US INDC leaves gap between aspiration and action
The US Intended Nationally Determined Contribution (INDC) for COP 21 negotiations on climate change action is a 26–28% reduction in greenhouse gas (GHG) emissions by 2025 relative to 2005 levels. The plan professes to be “fair and ambitious.” Truth be told, these numbers are relatively ambitious in that they reflect approximate doubling in the rate of emissions reduction previously set out for the previous goal of 17% by 2020. However, Climate Action Tracker rates this goal as “medium” indicating that the plan is at the “least ambitious end of what would be a fair contribution.”
Forgetting “fair” for now, I want to pick apart the extent to which the US can reasonably expect to meet the pace of reduction required to meet 26–28 percent emissions reduction by 2025. The US INDC outlines existing legislation and rules that the US expects to leverage greatly for the emission reductions. Under the existing statues, the US will continue to regulate fuel economy, HCF use, and building energy use (including appliances), as well as develop new regulations for carbon emissions from power plants, and methane emissions from landfills and the oil and gas sector.
While I appreciate the importance per unit (e.g. car, building, landfill, etc.) emissions reduction, this strategy is bound to fail without absolute caps on emissions from these sectors. As we have seen in tailpipe emissions standards from the past (e.g. hydrocarbson, CO, and NOx), per unit standards are not sufficient to reduce total pollution. In an overview of automobile emissions regulations, EPA reports that
Efforts by government and industry since 1970 have greatly reduced typical vehicle emissions. In those same years, however, the number of miles we drive has more than doubled. The increase in travel has offset much of the emission control progress. The net result is a modest reduction in each automotive pollutant except lead, for which aggregate emissions have dropped by more than 95 percent.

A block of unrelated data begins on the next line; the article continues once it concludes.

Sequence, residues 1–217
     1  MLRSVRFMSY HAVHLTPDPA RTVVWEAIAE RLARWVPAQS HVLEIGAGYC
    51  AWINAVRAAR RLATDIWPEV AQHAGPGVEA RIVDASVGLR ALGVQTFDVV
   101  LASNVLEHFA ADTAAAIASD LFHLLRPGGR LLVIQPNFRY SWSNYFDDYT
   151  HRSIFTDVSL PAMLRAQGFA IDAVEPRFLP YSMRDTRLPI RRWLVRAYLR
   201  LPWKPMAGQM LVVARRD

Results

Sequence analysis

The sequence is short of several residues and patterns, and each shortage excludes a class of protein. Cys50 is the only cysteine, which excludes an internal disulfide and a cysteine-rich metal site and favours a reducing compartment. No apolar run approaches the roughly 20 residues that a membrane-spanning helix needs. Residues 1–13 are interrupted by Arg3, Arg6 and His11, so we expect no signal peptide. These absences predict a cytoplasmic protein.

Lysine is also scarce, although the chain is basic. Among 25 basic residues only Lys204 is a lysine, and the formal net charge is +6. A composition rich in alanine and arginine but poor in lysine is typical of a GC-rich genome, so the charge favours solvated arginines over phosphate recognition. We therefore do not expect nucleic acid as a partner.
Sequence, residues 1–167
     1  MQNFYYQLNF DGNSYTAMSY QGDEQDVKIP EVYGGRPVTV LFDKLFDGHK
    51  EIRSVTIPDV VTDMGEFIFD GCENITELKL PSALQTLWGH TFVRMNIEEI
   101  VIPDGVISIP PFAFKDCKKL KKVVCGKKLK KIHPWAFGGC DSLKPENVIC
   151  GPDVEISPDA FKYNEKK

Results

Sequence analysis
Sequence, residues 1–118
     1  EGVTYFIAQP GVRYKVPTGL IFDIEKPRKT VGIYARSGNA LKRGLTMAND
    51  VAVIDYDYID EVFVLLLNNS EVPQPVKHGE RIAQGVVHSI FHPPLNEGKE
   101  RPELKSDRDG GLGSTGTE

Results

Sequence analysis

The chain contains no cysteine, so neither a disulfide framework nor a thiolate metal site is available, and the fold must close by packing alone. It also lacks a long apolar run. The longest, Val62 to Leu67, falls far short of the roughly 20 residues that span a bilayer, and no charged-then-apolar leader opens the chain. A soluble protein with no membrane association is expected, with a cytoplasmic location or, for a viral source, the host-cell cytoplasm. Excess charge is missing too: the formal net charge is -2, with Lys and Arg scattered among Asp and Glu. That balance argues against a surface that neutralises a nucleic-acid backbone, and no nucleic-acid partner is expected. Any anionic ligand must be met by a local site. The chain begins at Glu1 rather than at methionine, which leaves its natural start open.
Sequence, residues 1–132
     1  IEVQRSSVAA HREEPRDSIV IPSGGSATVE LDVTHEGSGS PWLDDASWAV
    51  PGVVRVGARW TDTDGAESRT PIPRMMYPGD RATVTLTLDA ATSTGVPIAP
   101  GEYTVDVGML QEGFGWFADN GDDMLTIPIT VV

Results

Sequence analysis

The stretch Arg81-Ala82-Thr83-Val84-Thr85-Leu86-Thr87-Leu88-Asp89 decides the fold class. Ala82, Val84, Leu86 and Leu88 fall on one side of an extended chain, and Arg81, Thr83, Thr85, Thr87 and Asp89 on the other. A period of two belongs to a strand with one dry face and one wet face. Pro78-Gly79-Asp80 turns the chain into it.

Even if the Clean Power Plan and other regulatory initiatives do survive a Senate that is constantly trying to ax environmental rules, this lesson from past pollution regulation shows that mandating that our cars have excellent fuel economy will not be sufficient to reduce total auto emissions as long as more people are driving more miles. Extending this lesson, we can assume that mandating our buildings use little energy and that our landfills and oil and gas operations have fewer fugitive methane emissions will not be sufficient to curb greenhouse gas emissions and reach the 26–28% reduction goal as long as we are building more and bigger houses, sending more refuse to landfill, and demanding more oil and gas. What we need is a fundamental change in American ideas about standards of living and economic prosperity.
Most economists agree that the “right” carbon price would be the most cost efficient method to incentivize carbon emissions reduction. The price signal could go a long way toward at least reprioritizing American standards of living and economic prosperity. Given the current political climate in the US, however, this idea is a non-starter. Certainly, there are other regulatory mechanisms to limit absolute emissions, such as regulatory caps on power plant emissions and limits on driving. These methods would also force lifestyle changes for Americans and are also politically unattractive. The fact remains, then, that without a price on carbon, absolute caps on emissions, or other ideas to create a fundamental shift in standards, the future of carbon emissions reductions in the United States remains dubious.